Here we are. We have made it to February, the time of year jam-packed with candy conversation hearts and romantic love. Who could have imagined last year, as we perused the pink teddy bear aisle at Target, that the 2021 version of Valentine’s Day would involve trying to stay as far away as humanly possible from others? Turns out, the presence of a highly contagious virus, transmitted via nose and mouth particles, really cuts down on the kissing and hugging!
We are almost a year in to this pandemic. We’ve handled homeschool, managed virtual work schedules, maintained months of social distancing, and re-imagined holiday traditions like the true bosses we are (at least that’s what I keep telling myself over and over again). At this point, we might as well add ONE more holiday to the mix, and Valentine’s Day is the celebration which deserves the biggest overhaul of all.
For one, pushing romantic gestures on children feels really icky, and always has. There are so many ways to teach our children the true meaning of love, and asking a child if they have a boyfriend or girlfriend to shower with over-the-top stuffed animals is not it, AT ALL. Even as an adult, the idea of grand displays feels wildly inauthentic. Stuff does not equal love. Immature concepts of romanticism also do not equate to adoration. Somehow, somewhere, we have gone astray.
I am imploring all of us this year to think differently when it comes to the word “love,” especially when we model it to our children. We have witnessed more accounts of hate and divisive rhetoric this past year than any of us can stomach. I hope that 2021 is a year in which Valentine’s Day can pivot to a more inclusive state of mind.
Let’s ditch the trinkets and instead tell our children and demonstrate on a continual basis that…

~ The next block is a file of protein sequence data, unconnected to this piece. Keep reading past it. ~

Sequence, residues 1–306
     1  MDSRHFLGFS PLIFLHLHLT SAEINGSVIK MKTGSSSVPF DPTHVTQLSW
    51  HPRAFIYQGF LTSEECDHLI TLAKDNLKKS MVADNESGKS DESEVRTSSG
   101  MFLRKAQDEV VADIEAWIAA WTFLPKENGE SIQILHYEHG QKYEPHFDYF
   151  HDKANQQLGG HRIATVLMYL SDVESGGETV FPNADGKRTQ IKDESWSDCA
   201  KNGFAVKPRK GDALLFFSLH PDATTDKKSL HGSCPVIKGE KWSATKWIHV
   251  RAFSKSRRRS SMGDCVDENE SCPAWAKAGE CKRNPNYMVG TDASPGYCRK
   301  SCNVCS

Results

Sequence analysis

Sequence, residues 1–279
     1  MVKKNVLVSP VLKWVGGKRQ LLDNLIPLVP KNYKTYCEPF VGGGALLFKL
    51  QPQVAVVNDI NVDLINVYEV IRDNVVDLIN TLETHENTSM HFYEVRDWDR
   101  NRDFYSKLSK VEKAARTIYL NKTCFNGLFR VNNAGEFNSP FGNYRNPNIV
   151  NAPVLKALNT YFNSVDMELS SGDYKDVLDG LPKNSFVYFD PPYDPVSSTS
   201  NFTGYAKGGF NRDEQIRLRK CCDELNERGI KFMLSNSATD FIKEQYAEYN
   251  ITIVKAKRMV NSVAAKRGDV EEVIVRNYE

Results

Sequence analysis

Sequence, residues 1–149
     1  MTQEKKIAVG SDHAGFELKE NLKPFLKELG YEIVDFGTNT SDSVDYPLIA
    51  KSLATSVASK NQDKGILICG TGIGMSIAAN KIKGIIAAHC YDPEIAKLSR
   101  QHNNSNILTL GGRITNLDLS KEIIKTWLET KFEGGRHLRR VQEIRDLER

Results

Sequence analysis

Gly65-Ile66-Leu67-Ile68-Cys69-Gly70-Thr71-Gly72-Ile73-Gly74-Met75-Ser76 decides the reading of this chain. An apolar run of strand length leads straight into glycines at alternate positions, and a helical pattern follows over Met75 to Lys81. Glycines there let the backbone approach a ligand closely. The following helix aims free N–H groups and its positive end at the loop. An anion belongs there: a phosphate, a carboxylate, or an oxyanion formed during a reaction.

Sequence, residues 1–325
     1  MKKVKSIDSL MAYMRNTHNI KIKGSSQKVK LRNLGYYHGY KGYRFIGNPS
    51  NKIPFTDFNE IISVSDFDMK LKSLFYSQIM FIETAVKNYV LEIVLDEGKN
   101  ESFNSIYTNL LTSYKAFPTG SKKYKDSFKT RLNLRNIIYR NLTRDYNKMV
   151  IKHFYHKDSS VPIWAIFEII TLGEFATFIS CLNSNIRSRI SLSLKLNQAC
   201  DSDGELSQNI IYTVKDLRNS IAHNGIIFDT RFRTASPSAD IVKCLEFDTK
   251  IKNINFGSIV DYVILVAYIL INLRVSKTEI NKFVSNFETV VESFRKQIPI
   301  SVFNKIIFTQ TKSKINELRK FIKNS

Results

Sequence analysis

- Showing empathy and compassion for others is LOVE
- Genuine friendship is LOVE
- Being inclusive is LOVE
- Accepting and celebrating others for their differences is LOVE
- Standing up to hate is LOVE
- Not tolerating abhorrent behavior is LOVE
- Vowing to listen more than talk is LOVE
- Learning to think before reacting is LOVE
- Allowing people to feel heard and seen is LOVE
- Trying to do what is right, even when we fail is LOVE
- Helping one another be better is LOVE
Valentine’s Day can be so much more than what it has historically represented. The intention is there, it simply needs a refinement, a tune up, to adjust to our modern world. I am optimistic it will help to soften so many of us.
So on Sunday, February 14th, let’s vow to ignore the comments section and instead snuggle up with a big bag of Reese’s Peanut Butter Hearts (the only candy truly worth giving or receiving) and have a meaningful conversation with our kids about understanding and kindness. They have been sorely lacking not only this past year, but for a very, very long time.
Then we can make a big dinner of heart-shaped homemade pizza and discuss what it means to show love and feel love. The holiday should be a reminder to continue (or begin) our everyday efforts of consideration and humanity. It begins at home, and little by little it seeps out, into our schools, our neighborhoods and communities. Small acts lead to bigger ones. We all deserve better. We all deserve love.
And finally, after we have washed down those heart-shaped sprinkle cookies, we can finish the night with a bow and arrow NERF war the way that weird Cupid baby always intended! Even though we may be choosing a different way to celebrate Valentine’s Day this year, those kids still need to know who is boss!